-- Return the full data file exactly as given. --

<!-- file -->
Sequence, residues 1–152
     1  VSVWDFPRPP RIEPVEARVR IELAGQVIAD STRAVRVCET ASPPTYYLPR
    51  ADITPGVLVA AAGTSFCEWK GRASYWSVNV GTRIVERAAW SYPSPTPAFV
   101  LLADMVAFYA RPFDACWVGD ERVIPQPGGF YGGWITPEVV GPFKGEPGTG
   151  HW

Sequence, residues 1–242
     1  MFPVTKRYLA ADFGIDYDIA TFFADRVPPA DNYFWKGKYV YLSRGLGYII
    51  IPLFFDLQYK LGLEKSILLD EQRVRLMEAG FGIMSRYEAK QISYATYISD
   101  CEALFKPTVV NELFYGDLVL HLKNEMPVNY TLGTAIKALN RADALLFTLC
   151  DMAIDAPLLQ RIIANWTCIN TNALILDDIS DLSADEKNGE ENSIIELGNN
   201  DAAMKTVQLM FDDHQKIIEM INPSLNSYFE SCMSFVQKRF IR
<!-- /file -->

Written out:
Sequence, residues 1–152
     1  VSVWDFPRPP RIEPVEARVR IELAGQVIAD STRAVRVCET ASPPTYYLPR
    51  ADITPGVLVA AAGTSFCEWK GRASYWSVNV GTRIVERAAW SYPSPTPAFV
   101  LLADMVAFYA RPFDACWVGD ERVIPQPGGF YGGWITPEVV GPFKGEPGTG
   151  HW

Sequence, residues 1–242
     1  MFPVTKRYLA ADFGIDYDIA TFFADRVPPA DNYFWKGKYV YLSRGLGYII
    51  IPLFFDLQYK LGLEKSILLD EQRVRLMEAG FGIMSRYEAK QISYATYISD
   101  CEALFKPTVV NELFYGDLVL HLKNEMPVNY TLGTAIKALN RADALLFTLC
   151  DMAIDAPLLQ RIIANWTCIN TNALILDDIS DLSADEKNGE ENSIIELGNN
   201  DAAMKTVQLM FDDHQKIIEM INPSLNSYFE SCMSFVQKRF IR